The Tao gets political again. As I mentioned in my previous post, the Tao was a reaction to the rigid, hierarchical Confucianism of the time and wanted a more organic government. I wonder how Chapter LVIII would really work out though. It’s a bit like Communism: great in theory, but falls apart in practice. There needs to be a middle ground in everything and that’s why reactionism very rarely works.
If a country is governed with tolerance,
the people are comfortable and honest.
If a country is governed with repression,
the people are depressed and crafty.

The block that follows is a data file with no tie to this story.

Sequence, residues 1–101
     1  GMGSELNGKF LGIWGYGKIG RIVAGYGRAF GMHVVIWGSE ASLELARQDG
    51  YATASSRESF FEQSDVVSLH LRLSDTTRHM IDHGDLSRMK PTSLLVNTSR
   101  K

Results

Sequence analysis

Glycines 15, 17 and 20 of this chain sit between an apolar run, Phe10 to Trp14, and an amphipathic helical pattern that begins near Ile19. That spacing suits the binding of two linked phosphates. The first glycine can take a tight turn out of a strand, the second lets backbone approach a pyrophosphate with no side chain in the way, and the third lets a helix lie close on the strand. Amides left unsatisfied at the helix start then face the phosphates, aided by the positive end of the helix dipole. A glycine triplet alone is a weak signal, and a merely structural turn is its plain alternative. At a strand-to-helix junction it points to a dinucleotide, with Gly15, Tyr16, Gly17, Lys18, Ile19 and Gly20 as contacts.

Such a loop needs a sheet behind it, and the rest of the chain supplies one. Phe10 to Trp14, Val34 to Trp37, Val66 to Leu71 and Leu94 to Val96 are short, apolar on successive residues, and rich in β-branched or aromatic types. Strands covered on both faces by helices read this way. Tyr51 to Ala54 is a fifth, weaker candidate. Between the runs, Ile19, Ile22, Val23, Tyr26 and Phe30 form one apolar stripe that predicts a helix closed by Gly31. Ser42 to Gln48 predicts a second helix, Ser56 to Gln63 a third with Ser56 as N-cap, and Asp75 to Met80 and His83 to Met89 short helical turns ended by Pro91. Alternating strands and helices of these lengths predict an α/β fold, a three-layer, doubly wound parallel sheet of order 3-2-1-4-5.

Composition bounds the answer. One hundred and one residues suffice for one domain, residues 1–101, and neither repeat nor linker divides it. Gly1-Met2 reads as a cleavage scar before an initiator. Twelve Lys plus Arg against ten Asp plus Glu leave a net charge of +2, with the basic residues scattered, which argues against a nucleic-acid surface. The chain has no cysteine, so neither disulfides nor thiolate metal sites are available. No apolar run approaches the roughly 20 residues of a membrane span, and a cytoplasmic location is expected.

When the will to power is in charge,
the higher the ideals, the lower the results.
Try to make people happy,
and you lay the groundwork for misery.
Try to make people moral,
and you lay the groundwork for vice.
Thus the Master is content
to serve as an example
and not to impose her will.
She is pointed, but doesn’t pierce.
Straightforward, but supple.
Radiant, but easy on the eyes.